"Tonight I will kill Henry Claridge. The Joker has spoken"

Who's quote looks out of place? Yep Nicholson's.

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True, but does it also matter how it is specifically used as well?
Yes, if you're making a claim it was influenced by Batman #1. Holding up a Joker card is not from Batman #1, but leaving them at the scenes of crimes and on victim's bodies etc is from Batman #1.

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It's much closer than runny makeup, long greasy hair and glasgow smile Joker. Visually, Nicholson is much closer to the original appearance in Batman #1.
Costume wise, no. Facially yes, minus the perma grin. But as I already said I never once claimed any visual appearance was based off Batman #1. You did with Nicholson. You're wrong.

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Bob Kane mentioned that having the Joker be the killer of Batman's parents was a great idea, and that he wish he had thought of it. But by that time, he had already done Batman's origin, and that was before the first issue with the Joker (Detective Comics #33 November 1939 - Joker first appeared in 1940).
Playing the Bob Kane card again. Bob Kane's word is worth less than nothing. The man was a plagiarist who stole all the creative credit from Bill Finger. Google this if you doubt me. It's infamous. It's actually called 'The haunting of Robert Kane' because it's hung over him like a dark cloud for years.

You quote him like he was some great authority on what's good. If you want to think that way then you must agree with him that Val Kilmer was the best Batman. Better than Keaton.

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I know that Tim Burton was given a copy of Batman #1 so that he could base part of it on that.
You know this how? Show me proof please.

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That's why that screenshot of the Joker card is almost exactly like the comic panel in Batman #1. If that's not proof, I don't know what is.
How about because that was the standard Joker card symbol in the comics. Batman has one hanging in his Batcave. It's even in The Killing Joke, too.

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Joker's motives towards Vicki are not made clear in the film.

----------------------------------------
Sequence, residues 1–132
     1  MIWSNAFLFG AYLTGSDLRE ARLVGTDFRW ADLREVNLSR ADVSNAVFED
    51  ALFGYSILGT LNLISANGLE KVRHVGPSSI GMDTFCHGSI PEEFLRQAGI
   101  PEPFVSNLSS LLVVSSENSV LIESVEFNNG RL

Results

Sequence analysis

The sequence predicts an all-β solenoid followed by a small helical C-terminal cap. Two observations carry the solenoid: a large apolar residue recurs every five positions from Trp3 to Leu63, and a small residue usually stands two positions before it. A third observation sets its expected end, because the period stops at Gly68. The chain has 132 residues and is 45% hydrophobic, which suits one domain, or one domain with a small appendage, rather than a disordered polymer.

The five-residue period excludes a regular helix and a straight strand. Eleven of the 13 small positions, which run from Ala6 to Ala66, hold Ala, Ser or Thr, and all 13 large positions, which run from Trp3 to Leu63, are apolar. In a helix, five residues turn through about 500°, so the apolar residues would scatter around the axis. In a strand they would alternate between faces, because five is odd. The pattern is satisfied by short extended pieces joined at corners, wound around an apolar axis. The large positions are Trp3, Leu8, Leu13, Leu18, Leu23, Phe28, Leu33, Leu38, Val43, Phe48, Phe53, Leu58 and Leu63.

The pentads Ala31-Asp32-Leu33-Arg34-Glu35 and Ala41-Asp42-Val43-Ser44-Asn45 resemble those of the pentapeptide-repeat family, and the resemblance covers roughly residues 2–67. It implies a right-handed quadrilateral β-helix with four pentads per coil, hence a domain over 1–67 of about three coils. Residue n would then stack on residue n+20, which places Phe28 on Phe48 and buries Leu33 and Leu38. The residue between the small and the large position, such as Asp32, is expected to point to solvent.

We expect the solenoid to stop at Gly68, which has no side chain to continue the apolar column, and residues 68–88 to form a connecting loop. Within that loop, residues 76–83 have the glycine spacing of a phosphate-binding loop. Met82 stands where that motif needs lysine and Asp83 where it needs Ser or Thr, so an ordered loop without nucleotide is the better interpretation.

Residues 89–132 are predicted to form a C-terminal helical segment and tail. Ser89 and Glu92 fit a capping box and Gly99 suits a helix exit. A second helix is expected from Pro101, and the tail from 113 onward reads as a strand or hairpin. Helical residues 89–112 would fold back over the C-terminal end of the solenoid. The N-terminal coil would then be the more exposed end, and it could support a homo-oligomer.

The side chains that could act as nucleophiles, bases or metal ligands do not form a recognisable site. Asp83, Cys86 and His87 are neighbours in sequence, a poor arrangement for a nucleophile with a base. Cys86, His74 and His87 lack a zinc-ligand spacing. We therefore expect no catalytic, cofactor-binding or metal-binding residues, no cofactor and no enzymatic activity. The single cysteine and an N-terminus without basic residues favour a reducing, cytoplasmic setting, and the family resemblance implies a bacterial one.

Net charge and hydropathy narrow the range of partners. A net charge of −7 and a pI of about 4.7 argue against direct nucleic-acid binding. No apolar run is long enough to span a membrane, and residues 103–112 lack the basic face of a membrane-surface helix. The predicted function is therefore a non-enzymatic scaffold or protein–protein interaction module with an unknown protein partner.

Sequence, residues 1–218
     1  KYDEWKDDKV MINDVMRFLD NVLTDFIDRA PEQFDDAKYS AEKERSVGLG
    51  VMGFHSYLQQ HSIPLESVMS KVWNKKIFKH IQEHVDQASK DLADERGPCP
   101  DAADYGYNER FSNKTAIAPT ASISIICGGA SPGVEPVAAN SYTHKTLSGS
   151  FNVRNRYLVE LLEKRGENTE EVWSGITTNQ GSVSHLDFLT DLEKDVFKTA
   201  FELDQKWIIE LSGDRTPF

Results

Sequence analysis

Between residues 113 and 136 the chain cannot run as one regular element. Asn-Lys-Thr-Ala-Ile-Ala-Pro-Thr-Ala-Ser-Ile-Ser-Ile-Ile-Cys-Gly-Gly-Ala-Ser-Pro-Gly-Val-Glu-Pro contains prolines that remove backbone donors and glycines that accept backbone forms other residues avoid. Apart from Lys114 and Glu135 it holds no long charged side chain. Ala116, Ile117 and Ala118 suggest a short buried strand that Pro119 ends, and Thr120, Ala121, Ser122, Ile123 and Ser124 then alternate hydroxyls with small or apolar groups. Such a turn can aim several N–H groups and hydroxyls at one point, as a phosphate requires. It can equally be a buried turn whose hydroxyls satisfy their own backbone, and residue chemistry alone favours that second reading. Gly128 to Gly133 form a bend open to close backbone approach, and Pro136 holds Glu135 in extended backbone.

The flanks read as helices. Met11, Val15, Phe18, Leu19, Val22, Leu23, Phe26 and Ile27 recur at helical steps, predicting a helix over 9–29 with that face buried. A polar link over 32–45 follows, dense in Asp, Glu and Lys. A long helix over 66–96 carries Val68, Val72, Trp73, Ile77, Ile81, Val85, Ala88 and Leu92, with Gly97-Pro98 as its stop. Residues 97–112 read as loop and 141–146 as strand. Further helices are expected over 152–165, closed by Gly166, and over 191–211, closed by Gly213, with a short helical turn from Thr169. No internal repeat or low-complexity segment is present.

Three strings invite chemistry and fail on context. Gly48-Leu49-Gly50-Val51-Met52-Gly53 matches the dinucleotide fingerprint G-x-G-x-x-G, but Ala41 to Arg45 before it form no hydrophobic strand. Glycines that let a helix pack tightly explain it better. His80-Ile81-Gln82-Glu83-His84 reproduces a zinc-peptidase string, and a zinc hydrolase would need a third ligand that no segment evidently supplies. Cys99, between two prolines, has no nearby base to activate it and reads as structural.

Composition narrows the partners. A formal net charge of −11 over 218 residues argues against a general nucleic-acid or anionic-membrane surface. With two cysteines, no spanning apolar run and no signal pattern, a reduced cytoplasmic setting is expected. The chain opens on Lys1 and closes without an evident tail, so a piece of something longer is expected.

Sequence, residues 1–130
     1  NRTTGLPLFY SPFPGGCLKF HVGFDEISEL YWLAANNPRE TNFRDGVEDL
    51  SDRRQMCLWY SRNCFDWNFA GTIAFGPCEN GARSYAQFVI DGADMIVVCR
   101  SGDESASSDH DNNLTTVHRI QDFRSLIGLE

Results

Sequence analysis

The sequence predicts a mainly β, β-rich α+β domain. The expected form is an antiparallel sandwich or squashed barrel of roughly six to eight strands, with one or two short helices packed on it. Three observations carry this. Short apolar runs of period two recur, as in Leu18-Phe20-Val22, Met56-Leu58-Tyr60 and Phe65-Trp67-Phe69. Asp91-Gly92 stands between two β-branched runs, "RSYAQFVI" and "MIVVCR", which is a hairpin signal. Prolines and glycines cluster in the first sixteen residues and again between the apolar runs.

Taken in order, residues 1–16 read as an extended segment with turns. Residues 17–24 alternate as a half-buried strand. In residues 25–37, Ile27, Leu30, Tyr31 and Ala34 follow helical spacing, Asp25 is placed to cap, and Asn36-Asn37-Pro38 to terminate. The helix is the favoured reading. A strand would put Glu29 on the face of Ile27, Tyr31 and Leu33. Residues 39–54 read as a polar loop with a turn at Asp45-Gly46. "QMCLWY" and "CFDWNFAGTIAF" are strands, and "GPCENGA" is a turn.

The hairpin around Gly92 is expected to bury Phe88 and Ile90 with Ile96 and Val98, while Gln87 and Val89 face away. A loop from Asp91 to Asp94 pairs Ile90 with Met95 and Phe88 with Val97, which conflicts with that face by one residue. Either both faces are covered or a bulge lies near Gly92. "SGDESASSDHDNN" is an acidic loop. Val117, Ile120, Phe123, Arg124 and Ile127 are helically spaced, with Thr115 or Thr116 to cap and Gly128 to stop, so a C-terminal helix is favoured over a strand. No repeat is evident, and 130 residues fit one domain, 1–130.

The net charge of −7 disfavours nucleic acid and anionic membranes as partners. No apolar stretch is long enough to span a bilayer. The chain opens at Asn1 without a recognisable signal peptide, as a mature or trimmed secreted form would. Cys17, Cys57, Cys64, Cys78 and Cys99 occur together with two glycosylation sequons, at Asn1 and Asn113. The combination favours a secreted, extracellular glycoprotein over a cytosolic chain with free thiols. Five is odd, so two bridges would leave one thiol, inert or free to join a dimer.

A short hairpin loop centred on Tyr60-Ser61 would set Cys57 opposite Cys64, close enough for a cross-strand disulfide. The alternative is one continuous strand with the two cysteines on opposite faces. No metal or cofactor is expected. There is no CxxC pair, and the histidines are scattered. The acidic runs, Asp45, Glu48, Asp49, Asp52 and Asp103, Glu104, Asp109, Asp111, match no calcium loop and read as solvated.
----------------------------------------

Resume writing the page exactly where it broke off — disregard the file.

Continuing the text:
Joker's motives towards Vicki are made clear as crystal:

Bob: "She's dating some guy named Wayne"
Joker: "She's about to trade up"

Joker: "We were having dinner. I was a man doing well with a beautiful woman"

Joker: "It's though we were made for each other. Beauty and the Beast"

He gives her flowers as a gift. He has their conversation by candlelight in the museum with romantic music playing on the radio etc. He was as subtle as a sledgehammer about his romantic intentions.

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Like I said, if he fancied her, why did he throw acid at her face?
"Oh you're beautiful in an old fashioned kind of way. But I'm sure we can make you more today".

Like he did with Alicia.

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Why did he try and throw her off a building?
Because she screwed him over by distracting him by pretending to return his affections so Batman could sneak up on him and beat the hell out of him.

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You're reading too much into it.
No, I'm just seeing the obvious. You incredibly have somehow missed it, and you claim to be a fan of the movie, too.

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Joker didn't fancy Vicki.
Bob: "She's dating some guy named Wayne"
Joker: "She's about to trade up"

Joker: "We were having dinner. I was a man doing well with a beautiful woman"

Joker: "It's though we were made for each other. Beauty and the Beast"

He gives her flowers as a gift. He has their conversation by candlelight in the museum with romantic music playing on the radio etc. He was as subtle as a sledgehammer about his romantic intentions.

Yeah, all comic book villains treat the damsels in distress that way lol.

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As I said, he tried to burn her with acid and tried to throw her off a building. It's just the villain threatening the hero's girl. The 'damsel in distress'. The same concept as Ledger's Joker going after Rachel, just done slightly differently.